The opinion of the court was delivered by: Hillman, District Judge
Pro se plaintiff, Darlene Esposito, filed a complaint*fn1 on March 15, 2006, against the United States Department of Treasury. Her complaint was dismissed without prejudice on May 22, 2006, for failure to pay the filing fee.*fn2 The filing fee was paid and plaintiff moved to reinstate her case. Her motion was granted on July 13, 2006. On October 19, 2006, the Court ordered plaintiff to file proof of service pursuant to Rule 4 of the Federal Rules of Civil Procedure within 30 days or the Court would terminate the action.
On November 13, 2006, plaintiff filed a pleading entitled "Complaint" in which she stated that her motion/complaint was served upon various offices within the Department of Justice, the Association of Credit and Collection Professionals, Chief Counsel-IRS Small Business Self-Employed, and S/B Appeals, IRS Service Center. Plaintiff attached copies of her Federal Express receipts as proof of mailing to the entities named above. There is also a copy of an unexecuted Summons addressed to "IRS Financial Management Service" in Cherry Hill, NJ. We found that mailing a document entitled "motion for injunctive relief and complaint" upon the above entities by Federal Express did not satisfy the requirements under Rule 4 and dismissed plaintiff's action on February 1, 2007.
Before the Court is plaintiff's motion filed pursuant to Rule 4(h)(3). There is no Federal Rule of Civil Procedure 4(h)(3). Rule 4(h) contains only two subsections and pertains to service upon corporations and associations which is irrelevant in this case where plaintiff has sued the United States. The proper method of service upon the United States is outlined in Fed.R.Civ.P. 4(i).
Given plaintiff's pro se status, we broadly and liberally interpret her motion as one for reconsideration of the Court's order terminating her case and for an extension of time within which to serve the defendant. Even with such a broad construction, we find that plaintiff has not provided good cause for failing to effect proper service upon the Department of Treasury.*fn3
Under Rule 4(m), the court shall dismiss the action without prejudice if plaintiff has failed to make proper service of summons and complaint upon the defendant within 120 days. See Fed.R.Civ.P. 4(m). The court shall extend this time if the plaintiff shows good cause for the failure to properly serve the defendant. In considering a motion to extend the time for service, the court "... should determine whether good cause exists for an extension of time. If good cause is present, the district court must extend time for service and the inquiry is ended. If, however, good cause does not exist, the court may in its discretion decide whether to dismiss the case without prejudice or extend time for service." Veal v. U.S., 84 Fed. Appx. 253, 256 (3d Cir. 2004).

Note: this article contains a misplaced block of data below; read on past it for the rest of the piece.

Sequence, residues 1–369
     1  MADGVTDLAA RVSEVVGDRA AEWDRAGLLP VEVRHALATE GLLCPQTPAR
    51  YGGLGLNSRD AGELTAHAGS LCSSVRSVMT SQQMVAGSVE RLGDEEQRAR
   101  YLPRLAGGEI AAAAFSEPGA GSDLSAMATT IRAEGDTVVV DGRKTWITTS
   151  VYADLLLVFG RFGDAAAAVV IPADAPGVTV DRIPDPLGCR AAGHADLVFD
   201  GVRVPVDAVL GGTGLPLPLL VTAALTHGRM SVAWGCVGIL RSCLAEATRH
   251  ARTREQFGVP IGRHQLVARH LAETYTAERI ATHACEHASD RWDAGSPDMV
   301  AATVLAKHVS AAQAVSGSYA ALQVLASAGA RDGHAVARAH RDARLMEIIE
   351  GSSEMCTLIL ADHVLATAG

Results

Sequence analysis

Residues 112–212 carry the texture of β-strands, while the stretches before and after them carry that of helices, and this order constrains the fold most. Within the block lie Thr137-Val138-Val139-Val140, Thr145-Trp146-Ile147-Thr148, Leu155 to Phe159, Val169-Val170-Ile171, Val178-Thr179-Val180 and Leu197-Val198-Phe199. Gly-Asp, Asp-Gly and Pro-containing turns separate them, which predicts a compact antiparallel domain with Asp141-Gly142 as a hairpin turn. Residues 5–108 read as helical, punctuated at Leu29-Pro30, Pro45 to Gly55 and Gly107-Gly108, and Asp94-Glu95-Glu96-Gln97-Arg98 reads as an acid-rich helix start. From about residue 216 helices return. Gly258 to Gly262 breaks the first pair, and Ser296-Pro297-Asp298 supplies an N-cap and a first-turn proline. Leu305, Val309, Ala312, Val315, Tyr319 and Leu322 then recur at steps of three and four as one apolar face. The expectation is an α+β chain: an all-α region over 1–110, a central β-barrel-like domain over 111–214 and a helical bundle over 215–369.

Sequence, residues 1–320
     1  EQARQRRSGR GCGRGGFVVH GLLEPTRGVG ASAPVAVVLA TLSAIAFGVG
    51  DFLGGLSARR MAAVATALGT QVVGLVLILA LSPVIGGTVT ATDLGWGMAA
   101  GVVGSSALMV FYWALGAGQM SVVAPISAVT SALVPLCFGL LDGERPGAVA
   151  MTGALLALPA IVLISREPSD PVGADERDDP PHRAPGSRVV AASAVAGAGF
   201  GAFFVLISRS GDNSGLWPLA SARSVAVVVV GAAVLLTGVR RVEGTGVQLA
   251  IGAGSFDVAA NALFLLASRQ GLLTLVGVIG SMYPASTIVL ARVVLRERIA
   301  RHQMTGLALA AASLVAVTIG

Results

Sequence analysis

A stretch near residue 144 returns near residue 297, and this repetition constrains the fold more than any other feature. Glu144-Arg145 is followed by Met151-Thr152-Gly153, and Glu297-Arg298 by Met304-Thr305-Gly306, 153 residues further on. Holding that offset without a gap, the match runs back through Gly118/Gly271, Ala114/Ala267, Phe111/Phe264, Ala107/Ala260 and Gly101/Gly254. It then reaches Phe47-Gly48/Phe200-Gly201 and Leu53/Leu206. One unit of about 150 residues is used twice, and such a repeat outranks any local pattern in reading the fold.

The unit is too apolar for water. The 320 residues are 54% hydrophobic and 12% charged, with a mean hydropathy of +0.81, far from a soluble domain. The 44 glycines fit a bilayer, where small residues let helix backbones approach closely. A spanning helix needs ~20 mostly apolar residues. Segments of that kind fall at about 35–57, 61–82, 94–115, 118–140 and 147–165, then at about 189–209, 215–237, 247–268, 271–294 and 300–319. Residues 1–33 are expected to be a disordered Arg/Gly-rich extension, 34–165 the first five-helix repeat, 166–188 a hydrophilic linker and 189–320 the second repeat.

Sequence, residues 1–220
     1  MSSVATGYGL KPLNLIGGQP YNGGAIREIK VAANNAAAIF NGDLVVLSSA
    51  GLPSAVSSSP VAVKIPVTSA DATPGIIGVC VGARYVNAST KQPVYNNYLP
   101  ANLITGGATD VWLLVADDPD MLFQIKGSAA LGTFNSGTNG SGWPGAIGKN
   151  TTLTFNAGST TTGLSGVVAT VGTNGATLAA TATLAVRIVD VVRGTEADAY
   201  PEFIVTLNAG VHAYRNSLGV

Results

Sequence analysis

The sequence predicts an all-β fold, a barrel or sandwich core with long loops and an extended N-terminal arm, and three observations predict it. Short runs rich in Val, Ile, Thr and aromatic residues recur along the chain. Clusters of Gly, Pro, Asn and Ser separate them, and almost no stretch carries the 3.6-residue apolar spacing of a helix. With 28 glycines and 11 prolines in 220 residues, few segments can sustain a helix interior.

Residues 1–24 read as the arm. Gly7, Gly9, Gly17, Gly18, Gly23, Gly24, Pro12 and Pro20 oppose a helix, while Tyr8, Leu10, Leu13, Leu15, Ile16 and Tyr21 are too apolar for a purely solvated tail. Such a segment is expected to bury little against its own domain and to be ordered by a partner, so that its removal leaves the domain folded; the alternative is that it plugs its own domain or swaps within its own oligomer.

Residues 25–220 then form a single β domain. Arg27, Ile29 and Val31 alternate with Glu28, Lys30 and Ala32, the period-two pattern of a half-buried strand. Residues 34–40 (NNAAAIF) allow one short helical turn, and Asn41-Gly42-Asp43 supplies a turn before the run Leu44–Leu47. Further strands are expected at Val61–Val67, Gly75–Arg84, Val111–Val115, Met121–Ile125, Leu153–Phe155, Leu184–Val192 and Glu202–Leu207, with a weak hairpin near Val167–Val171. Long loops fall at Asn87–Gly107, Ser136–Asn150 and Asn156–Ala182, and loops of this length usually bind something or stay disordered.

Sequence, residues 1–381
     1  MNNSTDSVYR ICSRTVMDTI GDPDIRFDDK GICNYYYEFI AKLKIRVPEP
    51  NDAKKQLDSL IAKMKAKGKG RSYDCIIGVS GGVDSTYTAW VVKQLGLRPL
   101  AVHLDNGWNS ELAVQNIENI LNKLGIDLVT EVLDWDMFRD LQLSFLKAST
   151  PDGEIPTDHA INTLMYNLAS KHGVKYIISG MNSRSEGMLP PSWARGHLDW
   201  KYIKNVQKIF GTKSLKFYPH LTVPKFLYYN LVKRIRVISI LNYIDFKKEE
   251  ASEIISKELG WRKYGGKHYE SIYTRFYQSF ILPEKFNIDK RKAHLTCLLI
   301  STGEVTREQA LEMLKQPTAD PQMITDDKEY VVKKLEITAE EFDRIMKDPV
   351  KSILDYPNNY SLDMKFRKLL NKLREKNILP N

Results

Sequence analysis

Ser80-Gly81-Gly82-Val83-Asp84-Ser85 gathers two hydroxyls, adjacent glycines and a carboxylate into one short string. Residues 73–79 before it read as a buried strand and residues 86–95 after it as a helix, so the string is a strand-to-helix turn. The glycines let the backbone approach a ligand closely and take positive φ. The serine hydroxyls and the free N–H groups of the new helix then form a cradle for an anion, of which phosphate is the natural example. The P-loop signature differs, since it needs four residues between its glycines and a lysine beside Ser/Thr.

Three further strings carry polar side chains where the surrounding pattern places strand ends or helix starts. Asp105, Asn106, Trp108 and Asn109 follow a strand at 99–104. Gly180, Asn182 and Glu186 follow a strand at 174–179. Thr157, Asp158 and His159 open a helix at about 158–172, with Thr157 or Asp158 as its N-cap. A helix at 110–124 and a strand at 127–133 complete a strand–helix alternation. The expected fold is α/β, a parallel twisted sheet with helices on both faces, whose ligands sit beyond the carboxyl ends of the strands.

Plaintiff has not properly served the defendant within 120 days of filing her complaint and has not provided any reason for her failure to do so. Her "motion" appears to contain general statements made in her first filing regarding the inefficiency of reporting under the Privacy Act.*fn4 We find that plaintiff has not provided good cause for her failure to effectuate proper service. See id.; see e.g., Sykes v. Blockbuster Video, No. 06-1745, 2006 WL 3314518, at *2 (3d Cir. 2006)(finding that pro se plaintiffs are expected to comply with the Federal Rules of Civil Procedure).*fn5
In exercising our discretion, however, we find that given plaintiff's pro se status, and her attempts, although incorrect, to serve the defendant, we will grant the motion for reconsideration and for extension of time to serve the complaint. See Veal 84 Fed. Appx. at 256 (reversing lower court's dismissal of pro se complaint for failure to exercise its discretion even though court found plaintiff did not provide good cause). Plaintiff has thirty (30) days to properly serve the defendant in accordance with Fed.R.Civ.P. 4(i) or her case will be dismissed. An Order consistent with this Opinion will be entered.